[LAU] master levels
brent at keycorner.org
Mon Feb 2 05:40:45 UTC 2015
Something has been bugging me...
Ardour is doing 32-bit FP math to handle samples internally.
And yet, when I change the volume on the master fader, even if I
compensate for the volume change on my RME Multiface's physical volume
knob for the headphone monitor, I'd almost swear I can hear some sort of
change in the audio. I'm not using any post-fader plugins. I'm
probably just fooling myself, but is it possible to change the perceived
audio by just changing the output level over a 4-5db range when you've
got a precision like Ardour is using, and you're listening through
decent 24-bit converters?
In a related question (which was the real reason I wanted to know), what
kind of levels should we be shooting for in the master output anyway?
Of course, in the old analog tape world, they used to shoot for zero,
maybe a little hotter if you wanted some saturation. In digital, they
say mix to about -3 or -4db. And mastering houses seem to want more
headroom than that (-6 or 7db), even though in priciple, with 24-bit
resolution, they could just adjust it themselves without changing it
timbrally (true?). Why do they care what your maximum level is as long
as it's 24-bit and it's not clipping?
Commercial CD's these days seem to be mastered with the idea that if the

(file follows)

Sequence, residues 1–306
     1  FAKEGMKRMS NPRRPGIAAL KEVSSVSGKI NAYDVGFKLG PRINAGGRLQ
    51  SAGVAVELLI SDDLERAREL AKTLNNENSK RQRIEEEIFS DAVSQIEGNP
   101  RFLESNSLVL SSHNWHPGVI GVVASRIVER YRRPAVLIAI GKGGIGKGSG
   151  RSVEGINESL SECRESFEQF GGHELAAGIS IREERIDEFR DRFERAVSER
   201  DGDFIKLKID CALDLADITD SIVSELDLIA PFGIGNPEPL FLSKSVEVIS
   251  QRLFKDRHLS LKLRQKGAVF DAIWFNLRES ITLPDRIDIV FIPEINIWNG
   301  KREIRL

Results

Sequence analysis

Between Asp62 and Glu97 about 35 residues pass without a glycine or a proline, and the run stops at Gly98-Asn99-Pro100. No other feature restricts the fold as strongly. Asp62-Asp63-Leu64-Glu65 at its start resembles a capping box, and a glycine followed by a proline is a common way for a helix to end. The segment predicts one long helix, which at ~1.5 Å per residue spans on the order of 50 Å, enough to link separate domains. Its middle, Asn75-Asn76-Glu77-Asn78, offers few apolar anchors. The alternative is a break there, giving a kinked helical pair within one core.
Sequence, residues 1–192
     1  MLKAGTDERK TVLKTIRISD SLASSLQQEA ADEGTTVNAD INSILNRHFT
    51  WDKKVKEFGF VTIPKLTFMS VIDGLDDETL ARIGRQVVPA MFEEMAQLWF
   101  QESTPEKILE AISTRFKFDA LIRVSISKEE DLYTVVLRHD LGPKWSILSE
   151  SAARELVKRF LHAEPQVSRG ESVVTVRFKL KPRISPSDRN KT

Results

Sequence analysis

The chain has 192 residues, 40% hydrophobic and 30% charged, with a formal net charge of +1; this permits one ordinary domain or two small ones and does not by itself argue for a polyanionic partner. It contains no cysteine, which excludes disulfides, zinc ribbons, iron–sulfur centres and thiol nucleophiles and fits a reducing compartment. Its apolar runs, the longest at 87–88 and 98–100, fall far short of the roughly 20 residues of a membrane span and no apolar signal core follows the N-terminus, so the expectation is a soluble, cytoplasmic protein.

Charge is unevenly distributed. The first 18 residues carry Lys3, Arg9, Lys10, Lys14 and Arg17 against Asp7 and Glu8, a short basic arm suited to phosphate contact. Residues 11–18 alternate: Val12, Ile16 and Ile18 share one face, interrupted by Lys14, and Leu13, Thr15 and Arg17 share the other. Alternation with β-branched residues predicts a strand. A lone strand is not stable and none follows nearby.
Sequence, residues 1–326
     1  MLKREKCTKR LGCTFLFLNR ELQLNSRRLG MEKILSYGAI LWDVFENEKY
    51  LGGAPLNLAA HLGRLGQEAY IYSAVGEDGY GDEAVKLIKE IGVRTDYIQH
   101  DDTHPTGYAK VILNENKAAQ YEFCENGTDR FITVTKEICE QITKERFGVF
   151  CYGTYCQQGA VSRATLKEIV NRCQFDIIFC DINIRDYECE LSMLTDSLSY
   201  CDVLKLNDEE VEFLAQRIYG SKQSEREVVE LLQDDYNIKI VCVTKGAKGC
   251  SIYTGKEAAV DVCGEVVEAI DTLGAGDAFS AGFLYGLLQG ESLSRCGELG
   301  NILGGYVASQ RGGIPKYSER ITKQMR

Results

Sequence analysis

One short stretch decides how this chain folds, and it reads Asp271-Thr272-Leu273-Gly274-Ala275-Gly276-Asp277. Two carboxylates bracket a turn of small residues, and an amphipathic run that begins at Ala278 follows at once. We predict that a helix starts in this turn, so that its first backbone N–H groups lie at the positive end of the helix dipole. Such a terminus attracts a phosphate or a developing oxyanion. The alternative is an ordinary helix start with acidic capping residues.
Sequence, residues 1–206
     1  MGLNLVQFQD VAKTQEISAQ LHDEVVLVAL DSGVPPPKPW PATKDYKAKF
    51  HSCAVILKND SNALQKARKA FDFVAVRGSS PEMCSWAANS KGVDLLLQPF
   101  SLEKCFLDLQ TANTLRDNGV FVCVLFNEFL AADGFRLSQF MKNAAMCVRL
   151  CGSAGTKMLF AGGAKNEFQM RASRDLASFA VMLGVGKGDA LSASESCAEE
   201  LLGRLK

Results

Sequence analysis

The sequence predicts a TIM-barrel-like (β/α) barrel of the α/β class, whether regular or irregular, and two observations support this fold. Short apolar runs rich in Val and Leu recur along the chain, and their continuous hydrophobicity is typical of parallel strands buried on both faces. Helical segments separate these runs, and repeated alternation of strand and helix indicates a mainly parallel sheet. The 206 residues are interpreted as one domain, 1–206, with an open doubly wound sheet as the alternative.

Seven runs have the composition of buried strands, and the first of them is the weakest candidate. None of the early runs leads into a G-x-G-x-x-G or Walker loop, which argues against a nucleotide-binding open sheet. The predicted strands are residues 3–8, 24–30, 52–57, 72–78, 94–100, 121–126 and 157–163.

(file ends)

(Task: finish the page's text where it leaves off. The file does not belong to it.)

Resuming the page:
level ever fell below -1db, that would be a sin against God.
Suppose I'm just trying to produce a demo that can be burned to CD,
uploaded to a streaming service, or given to a mastering house. Is
there a different ideal level for those various uses?
I suppose the question I'm wondering is, if you've got it just the way
you like it at some particular master fader setting, is anything harmed
by making it a little hotter before you export, especially if you're
going to be putting a track on CD where it will be only 16-bit? Or
should you just keep it where it is, even if you're wasting some headroom?
+ Brent A. Busby + "We've all heard that a million monkeys
+ Sr. UNIX Systems Admin + banging on a million typewriters will
+ University of Chicago + eventually reproduce the entire works of
+ James Franck Institute + Shakespeare. Now, thanks to the Internet,
+ Materials Research Ctr + we know this is not true." -Robert Wilensky
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